I am glad that UFA’s resolution to evoke Article 74 of the Constitution to petition the Electoral Commission to hold a referendum on federalism has generated a lot of debate, enabling us to upgrade the product (referendum) previously offered under the said Article 74. A meeting between UFA and the EC at our initiative to seek technical guidance on modalities necessary to move our resolution forward, lead to the following observations:

  • Federalism is not mentioned anywhere in the Constitution of Uganda, as an optional system, as some systems are mentioned, although it has been contentious in Uganda’s politics since the 1966 crisis that kicked off Uganda’s instability.


  • The Constitutional process that would get federalism recognized as a political system in order to enable Article 74 is long, winding and unfriendly, passing via Article 69 of the Constitution, The Other Political System’s Act, Parliament (where UFA does not have representation) and the Referendum And Other Provisions’ Act.


  • Federalism is not the only contentious matter in Uganda, “Presidential Term Limits” is equally contentious, so, we must take advantage of the impending referendum on federalism to vote on re-instatement of presidential term limits, on the same day. The Referendum and Other Provisions Act provides for multiple referenda on a single day.  However, multiple referenda do not work under Article 74 because it provides for one referendum only, on “Change of Political Systems”. Multiple referenda work under Article 255 of the Constitution because it provides for referenda on “any issue”.


  • Moreover, Article 74 is a lot of work, requiring 10% of registered voters from 2/3 of constituencies (i.e. 153 constituencies) as petitioners. On the other hand, Article 255 is less work, requiring petitioners to be 10% of registered voters from 1/3 of districts (i.e. 39 districts). In Uganda, there are more than 39 single constituency districts, so, compared to Article 74, Article 255 reduces the work of collecting petitioners’ signatures by four!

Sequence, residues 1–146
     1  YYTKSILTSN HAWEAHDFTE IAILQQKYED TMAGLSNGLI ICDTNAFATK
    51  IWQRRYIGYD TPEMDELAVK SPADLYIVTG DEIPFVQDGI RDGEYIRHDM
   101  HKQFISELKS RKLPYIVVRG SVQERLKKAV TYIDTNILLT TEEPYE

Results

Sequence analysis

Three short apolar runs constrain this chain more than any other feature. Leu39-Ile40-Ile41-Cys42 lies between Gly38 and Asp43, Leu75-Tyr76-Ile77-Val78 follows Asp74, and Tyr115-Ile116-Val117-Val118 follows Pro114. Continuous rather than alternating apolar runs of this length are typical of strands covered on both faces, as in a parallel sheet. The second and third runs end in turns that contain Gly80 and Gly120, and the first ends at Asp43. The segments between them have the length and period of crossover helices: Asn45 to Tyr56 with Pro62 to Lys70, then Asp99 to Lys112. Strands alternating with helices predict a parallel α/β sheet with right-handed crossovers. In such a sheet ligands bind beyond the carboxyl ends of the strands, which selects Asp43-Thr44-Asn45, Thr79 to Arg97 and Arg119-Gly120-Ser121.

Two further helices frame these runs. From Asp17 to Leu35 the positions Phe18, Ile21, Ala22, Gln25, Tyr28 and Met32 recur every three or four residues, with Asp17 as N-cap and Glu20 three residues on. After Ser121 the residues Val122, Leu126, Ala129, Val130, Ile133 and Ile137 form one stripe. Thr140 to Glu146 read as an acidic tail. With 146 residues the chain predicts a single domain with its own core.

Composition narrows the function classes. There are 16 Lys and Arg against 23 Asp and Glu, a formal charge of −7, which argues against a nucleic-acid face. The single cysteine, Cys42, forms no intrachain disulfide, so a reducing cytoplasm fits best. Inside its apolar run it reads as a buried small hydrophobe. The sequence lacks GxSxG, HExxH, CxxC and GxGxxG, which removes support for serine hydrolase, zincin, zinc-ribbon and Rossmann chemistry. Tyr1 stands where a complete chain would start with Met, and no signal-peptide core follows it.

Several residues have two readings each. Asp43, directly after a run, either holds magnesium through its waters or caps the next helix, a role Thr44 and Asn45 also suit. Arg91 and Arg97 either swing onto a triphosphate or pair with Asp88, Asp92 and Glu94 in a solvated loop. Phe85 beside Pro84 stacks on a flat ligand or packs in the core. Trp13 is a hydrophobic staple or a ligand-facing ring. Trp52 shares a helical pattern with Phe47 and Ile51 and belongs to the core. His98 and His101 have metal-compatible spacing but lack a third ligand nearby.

Based on these considerations, UFA resolved to use Article 255 which provides for “Referenda generally” to petition the EC to organize referenda on FEDERALISM & RE-INSTATEMENT OF PRESIDENTIAL TERM LIMITS on the same day.

Secondly, UFA demanded that the EC organizes for the Ugandan Diaspora to vote during the forthcoming referenda and all elections. The EC responded in writing that voting of the Ugandan Diaspora was “a Policy matter, not established by the Commission, and a mechanism backed by law needs to be put in place to facilitate their (Diaspora) participation, including amendments to some electoral laws..”. In short, the EC will not arrange for the Diaspora to vote because, according to them,  it is Govt Policy not to allow them to vote….hence, the absence of required electoral laws…..!


BUT the right of the Ugandan Diaspora to vote is not a “Policy matter” as the EC says, but a Constitutional matter. Article 59 provides for the right of all citizens aged eighteen to vote, Article 61 provides for the mandate of the EC to facilitate that right, Article 62 provides for the independence of the EC during the discharge of their functions and Article 21 provides for equality and freedom from discrimination. If the EC willfully holds the Constitution in contempt by neglecting its duty, discriminating amongst Ugandans, subjecting its independence to the Executive and denying citizens living abroad their right to vote, it must face the law. UFA Resolved to arraign the EC before Court on the above accounts.


Beti Olive Kamya, President, Uganda Federal Alliance

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